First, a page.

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JavaScript's Optional Chaining (?.) Operator

JavaScript is one of the most popular and widely used programming languages for web development. With its vast array of features and capabilities, JavaScript developers are continuously pushing the limits of what's possible on the web.

In this article, we'll be exploring an exciting feature in JavaScript known as the Optional Chaining Operator (?.). This operator has been introduced in ECMAScript 2020 and has since become a staple in modern JavaScript development. The Optional Chaining Operator allows developers to access properties of an object without worrying about TypeError, making the code more concise and less prone to bugs. We'll learn how you can leverage its power to simplify your code and improve the overall readability of your applications. So buckle up and get ready to unleash the power of JavaScript's Optional Chaining (?.) Operator!

Optional chaining (?.)

The Optional Chaining ?. operator is a powerful tool for accessing object properties or calling functions in JavaScript. Unlike traditional methods, which can result in a TypeError when the object is undefined or null, the Optional Chaining operator short circuits and simply returns undefined. This makes the code more concise and reduces the risk of encountering bugs, making it an essential tool for modern JavaScript development.

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The syntax is straightforward and easy to understand. The operator is placed after the object you wish to access and before the property, array expression, or function call you want to make.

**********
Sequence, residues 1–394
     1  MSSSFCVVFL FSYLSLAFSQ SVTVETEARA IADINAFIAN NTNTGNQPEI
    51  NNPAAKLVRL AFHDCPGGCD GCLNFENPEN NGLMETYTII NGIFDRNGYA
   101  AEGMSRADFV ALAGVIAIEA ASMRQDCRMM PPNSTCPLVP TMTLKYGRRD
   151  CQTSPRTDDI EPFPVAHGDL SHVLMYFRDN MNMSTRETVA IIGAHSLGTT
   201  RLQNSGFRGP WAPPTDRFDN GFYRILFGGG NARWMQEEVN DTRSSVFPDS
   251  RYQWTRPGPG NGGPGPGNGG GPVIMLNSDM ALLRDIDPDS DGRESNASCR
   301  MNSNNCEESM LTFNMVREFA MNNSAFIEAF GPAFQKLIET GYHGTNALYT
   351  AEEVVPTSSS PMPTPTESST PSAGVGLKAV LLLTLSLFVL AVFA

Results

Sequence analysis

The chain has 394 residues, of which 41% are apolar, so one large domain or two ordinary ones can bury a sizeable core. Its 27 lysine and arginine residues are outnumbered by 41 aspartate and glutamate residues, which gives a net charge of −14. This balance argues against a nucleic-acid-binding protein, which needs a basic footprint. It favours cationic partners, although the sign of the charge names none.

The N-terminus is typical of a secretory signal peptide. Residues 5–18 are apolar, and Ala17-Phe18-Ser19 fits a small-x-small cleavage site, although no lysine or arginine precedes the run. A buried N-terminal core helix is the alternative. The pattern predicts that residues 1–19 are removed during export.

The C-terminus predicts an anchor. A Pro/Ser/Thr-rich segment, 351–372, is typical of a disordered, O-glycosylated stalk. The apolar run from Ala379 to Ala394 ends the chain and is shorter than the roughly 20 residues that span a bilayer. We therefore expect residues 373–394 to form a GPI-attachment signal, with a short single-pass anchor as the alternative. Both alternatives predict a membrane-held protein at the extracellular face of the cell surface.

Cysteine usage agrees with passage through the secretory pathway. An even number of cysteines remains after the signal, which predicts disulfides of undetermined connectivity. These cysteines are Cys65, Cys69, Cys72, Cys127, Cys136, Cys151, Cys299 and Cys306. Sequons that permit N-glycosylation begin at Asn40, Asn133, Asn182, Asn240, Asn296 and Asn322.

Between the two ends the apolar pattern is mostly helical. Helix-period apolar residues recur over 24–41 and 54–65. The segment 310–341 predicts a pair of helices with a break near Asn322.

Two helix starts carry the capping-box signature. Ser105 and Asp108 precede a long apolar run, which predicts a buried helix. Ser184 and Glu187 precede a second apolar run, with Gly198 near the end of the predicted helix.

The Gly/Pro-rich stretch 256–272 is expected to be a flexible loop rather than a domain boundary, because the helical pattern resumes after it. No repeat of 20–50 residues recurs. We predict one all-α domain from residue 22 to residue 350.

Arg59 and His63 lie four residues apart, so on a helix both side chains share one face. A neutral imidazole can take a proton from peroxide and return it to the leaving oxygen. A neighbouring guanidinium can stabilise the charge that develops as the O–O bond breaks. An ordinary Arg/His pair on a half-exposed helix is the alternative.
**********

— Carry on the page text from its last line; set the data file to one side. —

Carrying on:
Here's how it works:

obj.val?.prop - Accesses the prop property of the obj.val object, only if obj.val exists and is not null or undefined.

obj.val?.[expr] - Accesses a property or an array element of obj.val using an expression expr, only if obj.val exists and is not null or undefined.

obj.func?.(args) - Calls the function obj.func with the given arguments args, only if obj.func exists and is not null or undefined.

Optional chaining ?. is used to access object properties and methods in a safe way, by handling the possibility of encountering null or undefined values. In React.js or Next.js, it can be used to access properties in state or props objects and to call methods on components, without risking runtime errors from trying to access a property or method on a null or undefined value.

Let's say, instead of writing:

let name = user &&;
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you can write:

let name = user?.name;
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This can simplify your code and make it more concise. Useful in cases where you are not sure if the object exists or not.

It's important to note that the Optional Chaining operator cannot be used on a non-declared root object. Attempting to do so will result in a ReferenceError being thrown, indicating that the root object is not defined. However, the operator can be used on a root object that has a value of undefined.

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The "non-existing property" problem

If you've just started to read the tutorial and learn JavaScript, maybe the problem hasn't touched you yet, but it's quite common.

As an example, let's say we have user objects that hold the information about our users.